There's so many changes ongoing now with nursing, what's acceptable today might not be when the time comes for me to apply, so I was going to wait a little longer to get in touch with the registering board.

I figured there were probably other RN's out there who've made the move and could offer some insight. Thanks so much for the reply!

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2 Posts; 568 Profile Views

Hiya. I'm a Canadian living & working in the UK as a Paeds nurse. I have over 12 years as a Paeds nurse but, despite my experience, I still had to do a specific Paeds course to work in the UK at the grade I wanted to. Many places are desperate for Paed. staff, so might take someone on with experience, but you'd be lucky to move beyond a D Grade.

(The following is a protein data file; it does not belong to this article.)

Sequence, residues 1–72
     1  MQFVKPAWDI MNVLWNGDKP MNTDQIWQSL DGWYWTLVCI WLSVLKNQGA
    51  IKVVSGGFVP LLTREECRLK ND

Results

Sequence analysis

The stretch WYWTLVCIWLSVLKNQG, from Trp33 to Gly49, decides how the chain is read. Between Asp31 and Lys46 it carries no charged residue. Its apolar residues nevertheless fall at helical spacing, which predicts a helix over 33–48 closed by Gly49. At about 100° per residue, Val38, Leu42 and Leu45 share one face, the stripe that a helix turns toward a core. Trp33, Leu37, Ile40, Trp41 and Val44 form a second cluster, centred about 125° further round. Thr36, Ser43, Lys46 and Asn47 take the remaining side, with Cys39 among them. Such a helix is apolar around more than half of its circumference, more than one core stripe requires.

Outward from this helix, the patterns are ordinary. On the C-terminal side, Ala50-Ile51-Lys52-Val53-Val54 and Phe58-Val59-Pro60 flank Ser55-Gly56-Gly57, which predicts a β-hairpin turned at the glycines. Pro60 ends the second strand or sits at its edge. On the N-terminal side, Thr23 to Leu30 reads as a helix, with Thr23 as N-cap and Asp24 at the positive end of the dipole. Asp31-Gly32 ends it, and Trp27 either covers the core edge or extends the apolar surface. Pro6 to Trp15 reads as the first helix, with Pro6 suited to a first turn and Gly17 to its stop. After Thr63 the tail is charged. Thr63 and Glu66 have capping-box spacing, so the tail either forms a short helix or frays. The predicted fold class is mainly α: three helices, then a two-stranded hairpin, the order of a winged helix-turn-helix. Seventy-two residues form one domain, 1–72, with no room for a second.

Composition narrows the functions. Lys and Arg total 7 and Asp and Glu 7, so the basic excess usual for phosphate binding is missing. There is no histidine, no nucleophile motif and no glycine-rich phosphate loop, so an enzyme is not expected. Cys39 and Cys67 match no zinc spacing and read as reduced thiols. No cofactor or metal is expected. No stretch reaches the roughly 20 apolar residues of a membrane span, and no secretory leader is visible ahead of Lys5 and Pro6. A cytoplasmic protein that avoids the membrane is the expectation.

I did the Pediatric Nursing Speciality certificate program through BCIT (British Columbia Institue of Technology), based in Burnaby. Before I applied, I made contact with someone in the Overseas Registration Dep't at the NMC (she's no lnger there) & between her & the program head at BCIT - we decided what courses I needed to take that would meet the NMC's requirements.

It's a long process getting it all sorted out. Of course, if you are a new grad - you'd likely only be hired as a D grade anyhow, so if that's ok with you - look for somewhere that will be willing to hire you without specific Ped's credentials.

Hope this helps a bit. Any more questions - let me know. Good Luck!

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4 Posts; 481 Profile Views

Hey there...I was in Belfast for the final practicum of my BN at U of Calgary ( I was supposed to go to Belize but ended up in Belfast..). I was in the PICU at the Royal, and I lived on site too.

Have you read through the posts about the differences between nursing here and there? The conversation is always a bit heated and both sides get defensive but if you are used to nursing over here you should be very clear on the differences as they are major.